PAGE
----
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Wednesday, 3 July 2013

Le ressassement eternel

Thinking about what I believe was once Armstrong way to describe pan-dispositionalism: always packing, never travelling. The motto, and the corresponding postponing of complete actualization (in the back of my mind I'm thinking of David Ross' translation of entelecheia, in Aristotle's Metaphysics, Kappa, 9, as "complete reality" when Aristotle is trying to make sense of movement and change in terms of dunamis and energeia), provokes an anxiety related to the openness of preparation. Things are always being prepared. The pan-dispositionalist universe is deprived of any telos, of any realization, of any giving birth - it is constantly pregnant. It ia universe that, in a sense, never started, with a postponed future, a postponed beginning. A deferred environment: actualities in deferrance - always unready. It reminds me of Souriau's inachèvement of all things. Things are never product, they are always being produced - they never arrive anywhere, they never achieve. This deferrance provides a difference between each of them. Deferrance is like a repetition, things never reach a telos which is the equivalent of an arché - they never exit and they never exhaust dunamis, they live in constant potentiality both in their origins and in their destiny - both in their past and in their future.

Pan-dispositionalism seems then akin to the idea of repetition. To be sure, Deleuze's ontology appeals to repetition to avoid having modalities beyond virtuality - to be exorcise dispositions as anything close to directness. But the idea that an eternal return replaces the original in a sequence of repetitions rids the past of all readiness while projecting nothing in the future but the repeated. The past is always a preparation - qua past - for what is being repeated now, the past is a répétition, a rehearsal. Repetition, as a kind of deferrance, is what brings about difference. Things have no original past, they are all simulacres. This is similar to pan-dispositionalism but it also seems like its mirror-image. It is almost as if they are entelecheias, or rather pure activity with no original pregnancy where they all came from. It is constant work, constant en-ergo, am Werk as Heidegger translates energeia. It is as if things were always giving birth, never in pregnancy, never in state of gestating something else. Pure preparation is strangely similar to no preparation at all. Pure dunamis, pure energeia.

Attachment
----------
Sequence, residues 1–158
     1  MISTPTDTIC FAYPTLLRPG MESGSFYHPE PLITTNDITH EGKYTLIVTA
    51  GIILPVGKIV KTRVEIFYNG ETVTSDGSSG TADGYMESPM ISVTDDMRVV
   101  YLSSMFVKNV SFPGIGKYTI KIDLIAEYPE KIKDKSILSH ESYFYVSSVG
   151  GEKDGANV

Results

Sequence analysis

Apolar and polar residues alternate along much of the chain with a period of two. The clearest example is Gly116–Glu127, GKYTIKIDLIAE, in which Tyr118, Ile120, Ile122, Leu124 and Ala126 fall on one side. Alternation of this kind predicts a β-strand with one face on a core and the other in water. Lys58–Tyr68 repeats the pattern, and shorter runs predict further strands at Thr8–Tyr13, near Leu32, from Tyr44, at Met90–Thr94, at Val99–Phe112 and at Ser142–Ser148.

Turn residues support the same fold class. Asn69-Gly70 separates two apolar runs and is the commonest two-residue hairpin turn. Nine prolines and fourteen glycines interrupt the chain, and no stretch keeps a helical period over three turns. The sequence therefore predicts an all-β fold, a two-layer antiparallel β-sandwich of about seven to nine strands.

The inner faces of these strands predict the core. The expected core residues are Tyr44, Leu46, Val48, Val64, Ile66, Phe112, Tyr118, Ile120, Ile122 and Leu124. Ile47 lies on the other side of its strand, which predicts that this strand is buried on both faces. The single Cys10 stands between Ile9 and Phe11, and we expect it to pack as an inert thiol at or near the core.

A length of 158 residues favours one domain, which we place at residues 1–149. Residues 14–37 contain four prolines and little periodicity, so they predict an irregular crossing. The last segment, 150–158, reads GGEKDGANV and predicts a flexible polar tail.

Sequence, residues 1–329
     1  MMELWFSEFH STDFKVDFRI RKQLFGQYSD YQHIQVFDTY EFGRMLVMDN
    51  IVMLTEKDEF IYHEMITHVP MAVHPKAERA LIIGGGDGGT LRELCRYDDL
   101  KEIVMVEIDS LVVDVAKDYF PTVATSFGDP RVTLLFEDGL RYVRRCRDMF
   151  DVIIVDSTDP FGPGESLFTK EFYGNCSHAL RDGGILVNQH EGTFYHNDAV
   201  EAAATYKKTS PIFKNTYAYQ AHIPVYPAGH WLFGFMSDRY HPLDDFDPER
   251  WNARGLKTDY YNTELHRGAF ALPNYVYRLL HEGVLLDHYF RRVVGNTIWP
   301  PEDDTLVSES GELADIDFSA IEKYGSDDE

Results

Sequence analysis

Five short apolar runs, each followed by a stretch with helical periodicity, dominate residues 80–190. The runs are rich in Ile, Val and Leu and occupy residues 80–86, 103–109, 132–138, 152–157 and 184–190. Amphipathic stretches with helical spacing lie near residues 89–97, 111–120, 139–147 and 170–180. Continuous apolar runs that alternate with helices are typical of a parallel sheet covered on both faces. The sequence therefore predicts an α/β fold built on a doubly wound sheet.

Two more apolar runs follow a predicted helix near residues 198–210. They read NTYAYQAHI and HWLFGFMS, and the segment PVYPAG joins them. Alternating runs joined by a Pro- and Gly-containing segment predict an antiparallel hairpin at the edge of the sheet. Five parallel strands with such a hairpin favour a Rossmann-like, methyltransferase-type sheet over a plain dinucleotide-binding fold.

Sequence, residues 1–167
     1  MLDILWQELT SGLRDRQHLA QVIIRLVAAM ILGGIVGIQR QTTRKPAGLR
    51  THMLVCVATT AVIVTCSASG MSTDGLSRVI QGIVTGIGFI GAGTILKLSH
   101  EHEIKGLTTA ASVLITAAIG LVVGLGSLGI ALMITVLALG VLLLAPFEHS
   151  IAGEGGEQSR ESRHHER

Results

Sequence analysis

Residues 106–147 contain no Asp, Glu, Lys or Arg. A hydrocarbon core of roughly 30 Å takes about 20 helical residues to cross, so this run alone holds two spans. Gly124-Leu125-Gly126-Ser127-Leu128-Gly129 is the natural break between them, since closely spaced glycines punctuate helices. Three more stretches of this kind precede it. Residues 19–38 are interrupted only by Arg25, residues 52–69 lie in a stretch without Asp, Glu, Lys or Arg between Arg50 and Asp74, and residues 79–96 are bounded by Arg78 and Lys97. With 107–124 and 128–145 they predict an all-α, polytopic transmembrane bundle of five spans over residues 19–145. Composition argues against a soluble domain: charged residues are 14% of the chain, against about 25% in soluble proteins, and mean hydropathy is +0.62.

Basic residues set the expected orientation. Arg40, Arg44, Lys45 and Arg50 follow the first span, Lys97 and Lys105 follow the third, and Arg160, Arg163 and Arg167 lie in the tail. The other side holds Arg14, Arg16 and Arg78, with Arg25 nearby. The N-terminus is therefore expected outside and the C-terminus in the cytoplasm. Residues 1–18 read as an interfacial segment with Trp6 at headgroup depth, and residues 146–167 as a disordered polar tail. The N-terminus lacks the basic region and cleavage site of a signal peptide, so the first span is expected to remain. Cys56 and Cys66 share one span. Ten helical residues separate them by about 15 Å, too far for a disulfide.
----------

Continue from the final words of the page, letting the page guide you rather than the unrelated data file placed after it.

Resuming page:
However maybe in both images the real change - and maybe movement - remains unthought. Aristotle (in Metaphysics, Kappa, 11) considers movement a kind of change that involve a transition from a hypokeimenon to another hypokeimenon (as opposed to generation or corruption). Maybe both pandispositionalism and Deleuze's eternal return are incapable of thinking generation or corruption. But this is what happens when pure immanence is invoked. There is no salvation, no decay - no paradise lost, no messiah to be regained. Hypokeimenon is always there - all that there is is movement, a ressassement eternel, in Blanchot's words.

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